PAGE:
But, hey, the point means that Liverpool's currently atop the group, after Steaua drew with Napoli at home (despite going up 3-0 in the first 20 minutes). It's another clean sheet, even if it's a lucky one. I can't see post-match coverage, and I won't look until finishing this write-up, but I'm sure the manager has told us we should be thankful. As if.

Calling for a manager's head during the season goes against everything I believe in, and, as I always feel compelled to write, I'm well-aware of the root cause: the tumorous owners. Liverpool is not a club that sacks managers during the course of a campaign. Unless the team's in the midst of a relegation fight or Hodgson gives an interview to The S*n, we're probably stuck with him until the end of May. But this match has me closer to making that declaration than I ever thought possible. Steady the ship? Ha. To steal a joke from someone on my Twitter timeline, a sunken ship's steady. The "low point" that was last season was miles better than anything we've been served so far this season.

Blackpool on Sunday. Ian Holloway's already announced his desire to test Liverpool's backline at every opportunity. And that actually has me frightened.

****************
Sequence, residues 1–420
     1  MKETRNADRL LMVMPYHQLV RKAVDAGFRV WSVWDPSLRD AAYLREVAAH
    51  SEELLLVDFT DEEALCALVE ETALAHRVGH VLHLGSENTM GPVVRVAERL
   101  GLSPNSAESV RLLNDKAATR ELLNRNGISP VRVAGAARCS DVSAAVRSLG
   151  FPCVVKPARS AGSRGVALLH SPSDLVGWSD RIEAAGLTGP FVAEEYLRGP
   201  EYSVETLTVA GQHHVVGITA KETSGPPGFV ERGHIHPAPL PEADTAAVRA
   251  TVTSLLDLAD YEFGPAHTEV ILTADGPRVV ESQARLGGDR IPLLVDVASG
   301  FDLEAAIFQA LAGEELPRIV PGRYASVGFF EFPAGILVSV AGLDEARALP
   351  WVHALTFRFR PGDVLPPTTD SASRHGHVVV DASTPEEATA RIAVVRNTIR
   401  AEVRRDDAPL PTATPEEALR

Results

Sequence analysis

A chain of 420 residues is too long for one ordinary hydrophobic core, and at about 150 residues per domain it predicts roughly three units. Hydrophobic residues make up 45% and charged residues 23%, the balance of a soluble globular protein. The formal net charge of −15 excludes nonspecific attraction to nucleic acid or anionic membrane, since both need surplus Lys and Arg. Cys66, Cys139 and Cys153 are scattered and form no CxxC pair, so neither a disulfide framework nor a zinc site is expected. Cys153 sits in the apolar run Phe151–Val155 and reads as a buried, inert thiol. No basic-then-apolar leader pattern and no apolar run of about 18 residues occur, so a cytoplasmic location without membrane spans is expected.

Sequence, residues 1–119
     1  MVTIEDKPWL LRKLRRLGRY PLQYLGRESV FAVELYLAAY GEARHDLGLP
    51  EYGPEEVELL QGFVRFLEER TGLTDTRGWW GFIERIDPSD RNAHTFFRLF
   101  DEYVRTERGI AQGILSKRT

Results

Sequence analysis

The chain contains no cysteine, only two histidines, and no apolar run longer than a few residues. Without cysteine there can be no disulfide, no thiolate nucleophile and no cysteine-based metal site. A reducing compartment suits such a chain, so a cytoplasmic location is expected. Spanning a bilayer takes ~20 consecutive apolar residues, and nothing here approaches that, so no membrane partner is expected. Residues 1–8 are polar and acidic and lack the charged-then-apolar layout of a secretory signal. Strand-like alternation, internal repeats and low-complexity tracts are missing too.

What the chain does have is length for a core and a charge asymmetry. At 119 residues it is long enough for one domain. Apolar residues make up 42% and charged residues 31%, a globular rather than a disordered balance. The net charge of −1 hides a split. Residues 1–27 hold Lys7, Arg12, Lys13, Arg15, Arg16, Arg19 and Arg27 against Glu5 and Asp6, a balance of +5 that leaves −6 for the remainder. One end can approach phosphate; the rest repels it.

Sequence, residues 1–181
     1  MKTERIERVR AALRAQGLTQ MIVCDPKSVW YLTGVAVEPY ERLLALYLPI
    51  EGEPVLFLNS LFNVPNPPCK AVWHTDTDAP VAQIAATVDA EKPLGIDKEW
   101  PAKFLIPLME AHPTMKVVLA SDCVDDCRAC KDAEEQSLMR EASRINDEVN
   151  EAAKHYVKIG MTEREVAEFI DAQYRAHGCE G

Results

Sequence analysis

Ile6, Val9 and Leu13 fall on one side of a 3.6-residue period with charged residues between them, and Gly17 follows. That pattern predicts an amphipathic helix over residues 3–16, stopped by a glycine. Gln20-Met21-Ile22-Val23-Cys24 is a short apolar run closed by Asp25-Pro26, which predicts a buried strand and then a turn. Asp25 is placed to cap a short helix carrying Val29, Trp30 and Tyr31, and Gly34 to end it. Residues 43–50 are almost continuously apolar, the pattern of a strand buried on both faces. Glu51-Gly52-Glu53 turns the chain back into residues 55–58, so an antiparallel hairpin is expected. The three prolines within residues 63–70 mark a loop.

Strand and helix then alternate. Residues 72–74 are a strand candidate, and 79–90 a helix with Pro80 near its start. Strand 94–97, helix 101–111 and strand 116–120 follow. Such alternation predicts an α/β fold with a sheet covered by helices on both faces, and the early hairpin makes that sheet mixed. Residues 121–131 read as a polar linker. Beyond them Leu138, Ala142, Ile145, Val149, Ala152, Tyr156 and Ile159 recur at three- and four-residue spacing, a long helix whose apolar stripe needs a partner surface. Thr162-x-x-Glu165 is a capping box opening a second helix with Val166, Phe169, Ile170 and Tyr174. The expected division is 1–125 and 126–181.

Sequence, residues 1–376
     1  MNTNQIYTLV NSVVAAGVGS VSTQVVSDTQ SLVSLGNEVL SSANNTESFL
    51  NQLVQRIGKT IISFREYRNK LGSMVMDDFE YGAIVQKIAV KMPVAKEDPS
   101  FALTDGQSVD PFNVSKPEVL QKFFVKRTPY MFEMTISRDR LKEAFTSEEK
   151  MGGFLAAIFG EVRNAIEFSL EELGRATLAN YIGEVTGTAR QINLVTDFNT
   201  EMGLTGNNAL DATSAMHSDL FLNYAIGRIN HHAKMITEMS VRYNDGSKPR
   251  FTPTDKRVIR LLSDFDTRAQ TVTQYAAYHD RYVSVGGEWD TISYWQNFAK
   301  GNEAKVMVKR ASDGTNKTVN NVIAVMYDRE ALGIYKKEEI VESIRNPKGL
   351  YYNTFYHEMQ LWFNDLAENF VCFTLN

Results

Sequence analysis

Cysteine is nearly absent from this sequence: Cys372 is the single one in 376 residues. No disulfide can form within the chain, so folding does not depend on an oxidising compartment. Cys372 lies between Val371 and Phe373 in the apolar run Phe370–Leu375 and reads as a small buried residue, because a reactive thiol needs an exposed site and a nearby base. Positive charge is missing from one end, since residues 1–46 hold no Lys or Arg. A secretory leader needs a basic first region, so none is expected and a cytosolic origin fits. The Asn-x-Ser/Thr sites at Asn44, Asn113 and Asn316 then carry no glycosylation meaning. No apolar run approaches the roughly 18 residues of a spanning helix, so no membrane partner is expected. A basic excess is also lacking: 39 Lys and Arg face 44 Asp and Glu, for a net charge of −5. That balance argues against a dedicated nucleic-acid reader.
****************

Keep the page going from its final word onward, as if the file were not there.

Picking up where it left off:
Anonymous said...

I wouldn't call for the manager's head myself either, it's just not right unless he's the one that misses the penalty, mistimed the pass, or fails to track the opposing player's run towards goal.

I've come to accept that every Liverpool's game is going to play out this way, lack of width, dearth of creativity and the death of any intentional attacking forays.

Bring back Babel's driving runs from the left, bring back Ngog's clumsy forward runs, because they're forward runs nevertheless. Or maybe they could just bring back Alonso and Garcia huh?

Marc said...

In all of sports, I'm not sure I've seen a manager come into a team and apply a system that makes less sense for the players he has. Torres is abandoned, Gerrard is anonymous for the majority of most games (unless he's taking FK/PKs), Johnson is bottled up, and Cole seems perpetually misused.

None of this makes any sense. Who takes the Liverpool job hoping to draw against Sunderland and Utrecht? I understand y'all's points about not firing him in season, but really, other than the lucky strike against WBA, things couldn't be much worse on the pitch. If Torres hadn't scored that one goal, LFC would be next to Everton at the bottom of the table. And worse, deservedly so.

The owners and Hodgson have conspired to rob me of any joy from LFC. I have a much better time watching other matches as a neutral. Not only is it less depressing from a results standpoint, but there are actually chances by both sides and I don't have to suffer world class players being completely misused all over the pitch.

This was Hodgson's last chance to go for glory. Even with his hamstrung transfer policy, he could have opened things up. If WBA can win at Emirates, if Newcastle can drop 6 on Villa, we could be good, too.

Thanks Roy.

brian said...

"As much as it pains me to write, I wouldn't blame him for leaving the first chance he gets. That's what we've come to."

As much as it pains me to admit it, I wouldn't blame him either.